In this three-minute read, we look at ways to smarten up your garden to boost its appeal when thinking of selling your home.
One of the most significant property trends to emerge from lockdown is the growing importance of outdoor space to buyers.
Industry insiders report that post-lockdown, an increasing number of people are looking for homes with a garden – or at least access to communal spaces. This anecdotal evidence is backed up by Rightmove, which says searches for homes with gardens increased by 42% in May.
With buyers’ priorities shifting, it’s well worth investing a little time and effort to get gardens, roof terraces and balconies looking their best. You don’t need to be Monty Don or Carol Klein, but you do need to get the basics right. A little bit of TLC will push up the asking price and speed up the sale.
Here are some tips:
- If your garden looks more like a junkyard than a backyard, you are missing a trick. Cut the grass, blitz the weeds and trim back overgrown bushes and hedges. This will make the space look bigger and brighter.
- Repair any broken or damaged fences. This is a must, especially if you are marketing a family home. Parents will want to know that their little ones can’t wander off and pet owners will want to ensure that their beloved pooch stays put.
- If you have swings or a trampoline in good condition, it’s okay to leave them in situ (provided they don’t crowd the space). But anything that is faded or broken must go. Footballs, sandpits and scooters need to be stored away too.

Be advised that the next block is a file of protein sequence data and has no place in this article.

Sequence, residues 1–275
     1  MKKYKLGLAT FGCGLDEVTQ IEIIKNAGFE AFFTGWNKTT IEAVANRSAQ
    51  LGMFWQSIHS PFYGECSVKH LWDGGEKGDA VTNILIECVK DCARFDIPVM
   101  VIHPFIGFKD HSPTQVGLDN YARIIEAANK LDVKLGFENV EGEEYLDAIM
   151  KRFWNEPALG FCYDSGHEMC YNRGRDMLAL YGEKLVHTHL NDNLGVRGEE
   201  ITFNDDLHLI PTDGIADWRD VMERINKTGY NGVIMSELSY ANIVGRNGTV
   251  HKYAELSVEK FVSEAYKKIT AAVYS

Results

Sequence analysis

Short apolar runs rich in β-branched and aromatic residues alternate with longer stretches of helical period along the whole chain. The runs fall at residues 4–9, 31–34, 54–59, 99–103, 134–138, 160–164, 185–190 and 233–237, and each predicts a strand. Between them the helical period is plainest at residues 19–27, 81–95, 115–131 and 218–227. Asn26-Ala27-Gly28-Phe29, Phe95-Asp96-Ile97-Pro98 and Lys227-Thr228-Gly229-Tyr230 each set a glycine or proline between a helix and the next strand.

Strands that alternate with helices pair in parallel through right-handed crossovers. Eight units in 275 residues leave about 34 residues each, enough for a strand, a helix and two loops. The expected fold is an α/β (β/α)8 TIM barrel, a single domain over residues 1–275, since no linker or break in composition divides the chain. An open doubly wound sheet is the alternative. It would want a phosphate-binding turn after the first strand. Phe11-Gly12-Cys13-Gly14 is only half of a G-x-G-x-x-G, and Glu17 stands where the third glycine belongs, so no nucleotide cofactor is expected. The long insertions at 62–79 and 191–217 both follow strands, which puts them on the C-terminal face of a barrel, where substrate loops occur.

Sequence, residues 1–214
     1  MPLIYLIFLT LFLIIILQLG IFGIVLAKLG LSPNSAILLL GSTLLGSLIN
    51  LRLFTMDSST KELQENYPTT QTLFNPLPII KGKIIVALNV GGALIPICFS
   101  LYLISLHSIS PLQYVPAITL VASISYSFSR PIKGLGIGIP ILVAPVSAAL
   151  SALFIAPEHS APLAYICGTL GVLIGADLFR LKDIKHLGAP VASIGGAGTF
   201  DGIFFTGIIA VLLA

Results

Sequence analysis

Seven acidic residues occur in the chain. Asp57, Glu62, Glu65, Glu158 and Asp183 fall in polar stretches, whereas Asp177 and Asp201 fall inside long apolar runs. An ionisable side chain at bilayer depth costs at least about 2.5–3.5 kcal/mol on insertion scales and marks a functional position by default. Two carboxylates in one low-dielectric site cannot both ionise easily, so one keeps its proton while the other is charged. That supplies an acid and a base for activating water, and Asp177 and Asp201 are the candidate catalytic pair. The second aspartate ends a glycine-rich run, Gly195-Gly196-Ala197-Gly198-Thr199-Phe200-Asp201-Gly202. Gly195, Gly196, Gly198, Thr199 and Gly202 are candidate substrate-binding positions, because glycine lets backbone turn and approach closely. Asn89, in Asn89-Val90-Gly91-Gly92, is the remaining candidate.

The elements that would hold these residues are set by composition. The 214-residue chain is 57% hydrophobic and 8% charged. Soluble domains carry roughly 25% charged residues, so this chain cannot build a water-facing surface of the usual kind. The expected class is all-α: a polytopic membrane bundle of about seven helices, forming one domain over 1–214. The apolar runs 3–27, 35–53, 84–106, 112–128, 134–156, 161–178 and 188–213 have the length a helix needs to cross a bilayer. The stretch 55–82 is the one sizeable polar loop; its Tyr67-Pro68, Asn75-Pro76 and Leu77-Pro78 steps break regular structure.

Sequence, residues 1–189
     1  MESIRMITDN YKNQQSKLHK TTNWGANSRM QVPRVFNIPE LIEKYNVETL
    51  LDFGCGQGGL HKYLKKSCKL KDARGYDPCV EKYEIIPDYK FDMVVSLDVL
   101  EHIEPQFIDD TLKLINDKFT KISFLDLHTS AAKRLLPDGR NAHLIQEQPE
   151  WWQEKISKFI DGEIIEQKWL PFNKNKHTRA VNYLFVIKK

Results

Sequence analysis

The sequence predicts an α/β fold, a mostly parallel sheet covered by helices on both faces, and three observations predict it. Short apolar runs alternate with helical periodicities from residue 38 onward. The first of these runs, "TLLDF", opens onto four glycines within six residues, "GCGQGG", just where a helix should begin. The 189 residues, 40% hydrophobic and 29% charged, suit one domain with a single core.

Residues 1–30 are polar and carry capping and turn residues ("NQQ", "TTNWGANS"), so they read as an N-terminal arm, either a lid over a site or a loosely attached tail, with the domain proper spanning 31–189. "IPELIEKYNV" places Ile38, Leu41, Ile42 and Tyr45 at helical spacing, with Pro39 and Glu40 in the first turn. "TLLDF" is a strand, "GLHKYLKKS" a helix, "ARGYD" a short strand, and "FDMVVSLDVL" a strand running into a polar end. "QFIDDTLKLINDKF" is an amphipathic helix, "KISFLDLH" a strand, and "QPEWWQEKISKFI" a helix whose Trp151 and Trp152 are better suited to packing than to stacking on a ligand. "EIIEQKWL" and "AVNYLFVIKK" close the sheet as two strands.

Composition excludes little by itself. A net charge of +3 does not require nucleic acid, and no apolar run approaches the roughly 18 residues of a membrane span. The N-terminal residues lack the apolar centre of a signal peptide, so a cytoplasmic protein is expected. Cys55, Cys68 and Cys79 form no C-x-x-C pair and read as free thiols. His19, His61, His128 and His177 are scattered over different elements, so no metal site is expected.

- A lick of paint goes a long way. Add a splash of colour to sheds, decking and fences.
- Ditch the clutter. Don’t take it personally but people won’t be impressed by your collection of power tools or your assortment of garden gnomes. And don’t even get us started on caravans. These need to go into storage when selling.
- Once you’ve cleared the space, consider adding a few blooms or hanging baskets. When it comes to identifying where to place them, put yourself in the shoes of a viewer. Buyers will get their first glimpse of the garden when they are inside, looking out through a window. Identify these key focal points and place your plants there for maximum impact.
- Dress to impress. If you have a separate office or studio space, make sure it is presented as such. Often people cram offices with bikes, tools and boxes. You want potential buyers (who may work from home) to be able to walk around inside and envision themselves working in there. If your office has electricity and broadband, shout about it.
- Don’t forget the front garden. Even if the front of your property only has a small amount of space, invest in a few pot plants to make it look welcoming. First impressions are hugely important.
If you’d like more advice on how best to present your home, please get in touch with the team here at Duncan Yeardley. We’d love to help you make your next move.